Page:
Burning Man of Doylestown, Ohio

Performance art in the spirit of Burning Man

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First Burning Man of Doylestown, Ohio, September 6, 2015

I was trying to persuade a neighbor with a RV to take a road trip to Black Rock Desert to experience the annual Burning Man Festival.  I figured the best way to illustrate what it was all about was to recreate the experience in familiar surroundings, so I brought the experience to Doylestown, Ohio.  The format is simple, with flammable materials, fashion the materials into a sculpture that forms something like a man.  Gather friends and alcoholic beverages, and set the sculpture on fire.

While building the sculpture, the Burning Man became representative of something more than just a pile of scrap wood screwed together into a figure of a man.  It almost became a representation of things that never happened and things that don’t even matter.

Most of the material used in construction of the man form was from a pool table project that I was trying to pursue in 2000.  I obtained a 3-piece 1 inch thick slate, particle board construction, bar room size pool table.  The particle board top and side rails were heavily water damaged, but the slate and slate cradle were in good condition. I figured I would mill new rails in solid oak and rebuild the table.  The cost to mill the oak was just under $600.  I reconstructed the table legs.  Then I realized, I wasn’t that great at wood working nor did I have the proper tools to cut and fashion the wood.  In the attic of the house where I lived, I built the table with the new legs, cradle, and slate.  Stacked 64 linear feet of solid oak against the wall and used the table as an art table for 11 years.  When I moved, I broke the slate into pieces and threw them into a dumpster along with the cradle and legs. I decided to hang onto the oak top and side rails figuring it would be a shame to throw away expensive wood.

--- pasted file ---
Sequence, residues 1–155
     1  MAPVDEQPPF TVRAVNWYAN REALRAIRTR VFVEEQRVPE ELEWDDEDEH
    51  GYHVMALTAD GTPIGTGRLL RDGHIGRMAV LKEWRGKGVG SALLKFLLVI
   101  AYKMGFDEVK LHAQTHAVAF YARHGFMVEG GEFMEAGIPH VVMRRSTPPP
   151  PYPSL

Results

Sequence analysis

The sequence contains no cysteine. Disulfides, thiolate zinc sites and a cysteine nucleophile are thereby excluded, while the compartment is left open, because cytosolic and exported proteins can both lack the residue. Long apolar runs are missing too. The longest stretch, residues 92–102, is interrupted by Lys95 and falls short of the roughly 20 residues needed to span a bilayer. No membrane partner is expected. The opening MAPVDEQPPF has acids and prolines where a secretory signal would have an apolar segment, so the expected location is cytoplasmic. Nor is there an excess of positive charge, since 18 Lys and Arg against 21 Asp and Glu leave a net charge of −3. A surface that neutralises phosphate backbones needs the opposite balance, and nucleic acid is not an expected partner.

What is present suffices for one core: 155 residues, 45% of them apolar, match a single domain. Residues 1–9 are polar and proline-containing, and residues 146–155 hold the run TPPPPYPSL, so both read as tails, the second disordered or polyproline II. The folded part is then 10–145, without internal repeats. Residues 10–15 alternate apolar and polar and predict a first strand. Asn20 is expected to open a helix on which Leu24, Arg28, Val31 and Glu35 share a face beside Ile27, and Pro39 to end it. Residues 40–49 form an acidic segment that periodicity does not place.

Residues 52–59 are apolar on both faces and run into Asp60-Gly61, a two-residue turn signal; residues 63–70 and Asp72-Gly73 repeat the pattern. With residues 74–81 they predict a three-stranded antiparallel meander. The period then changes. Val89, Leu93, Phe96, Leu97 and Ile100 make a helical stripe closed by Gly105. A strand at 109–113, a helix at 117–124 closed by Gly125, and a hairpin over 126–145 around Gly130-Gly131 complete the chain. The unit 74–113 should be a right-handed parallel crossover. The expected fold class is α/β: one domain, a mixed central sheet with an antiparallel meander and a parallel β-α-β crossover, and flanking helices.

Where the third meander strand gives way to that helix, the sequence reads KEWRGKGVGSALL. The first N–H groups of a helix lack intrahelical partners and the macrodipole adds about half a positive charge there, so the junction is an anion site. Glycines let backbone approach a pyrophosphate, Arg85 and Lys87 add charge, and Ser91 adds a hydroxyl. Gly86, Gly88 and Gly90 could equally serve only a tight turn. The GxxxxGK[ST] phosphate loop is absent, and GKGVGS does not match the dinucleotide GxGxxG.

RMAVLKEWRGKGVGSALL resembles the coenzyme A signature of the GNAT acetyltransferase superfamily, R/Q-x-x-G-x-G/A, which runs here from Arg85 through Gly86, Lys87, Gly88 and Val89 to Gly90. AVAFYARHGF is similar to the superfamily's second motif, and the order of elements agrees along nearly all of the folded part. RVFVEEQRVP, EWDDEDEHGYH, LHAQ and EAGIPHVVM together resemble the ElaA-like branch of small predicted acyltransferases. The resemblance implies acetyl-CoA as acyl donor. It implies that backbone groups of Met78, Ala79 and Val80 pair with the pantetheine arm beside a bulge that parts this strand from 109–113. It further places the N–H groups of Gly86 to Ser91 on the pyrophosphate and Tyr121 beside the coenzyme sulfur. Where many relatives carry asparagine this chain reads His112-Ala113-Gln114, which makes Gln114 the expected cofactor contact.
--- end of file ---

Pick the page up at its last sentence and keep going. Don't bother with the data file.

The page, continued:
In 2015, I needed shelf space in the garage. I used the oak top and side rails to make shelving in the garage work area.  Even if the wood wasn’t used for its original intent, it still was transcended into something useful.  With the shelving finished, I was left with a pile of scrap wood. With this scrap and other scrap wood laying around, the first burning man was formed.

My backyard neighbor, with the fire pit where the event took place, joined in on the performance art by hanging his 20+ marathon finishing metals on the burning man to be set ablaze. He felt these items were hanging around his house that really had no bearing of defining him as a runner.  More so, it was a stand against the everyone gets a trophy that participates.  In the end when we were sifting through the ashes, there was no trace of any of the medals.  It led us to believe the medals were not even made of medal.

Second Burning Man of Doylestown, Ohio , September 3, 2016 

The second Burning Man was a woman. It was originally intended to be an effigy of a nasty woman I know. But the sculpture was too pretty to be that person. So, maybe it was her effigy that went up in flames or maybe it wasn’t. I still don’t know. It could represent anything.
The materials for the form was pulled from the garbage people left on their tree lawns the night before trash pickup. Most of the materials used was a torn down yard swing set with fort and an infants crib. It saddened me a little bit to think that this was something children played on and the crib was something that an infant and toddler slept in. Now it was thrown out in the garbage, fashioned into a sculpture of a woman, and set ablaze. A true sign of our society. 

The sculpture was placed atop of an upside down wooden crate. A pedestal. Where we place women. Inside the crate is where all the scrap wood was placed to burn. With some lamp oil, the statue burned up in no time. Just the same as so many childhoods. 


Eric D Jonke
Doylestown, Ohio 44230


Email: eric@edjart.com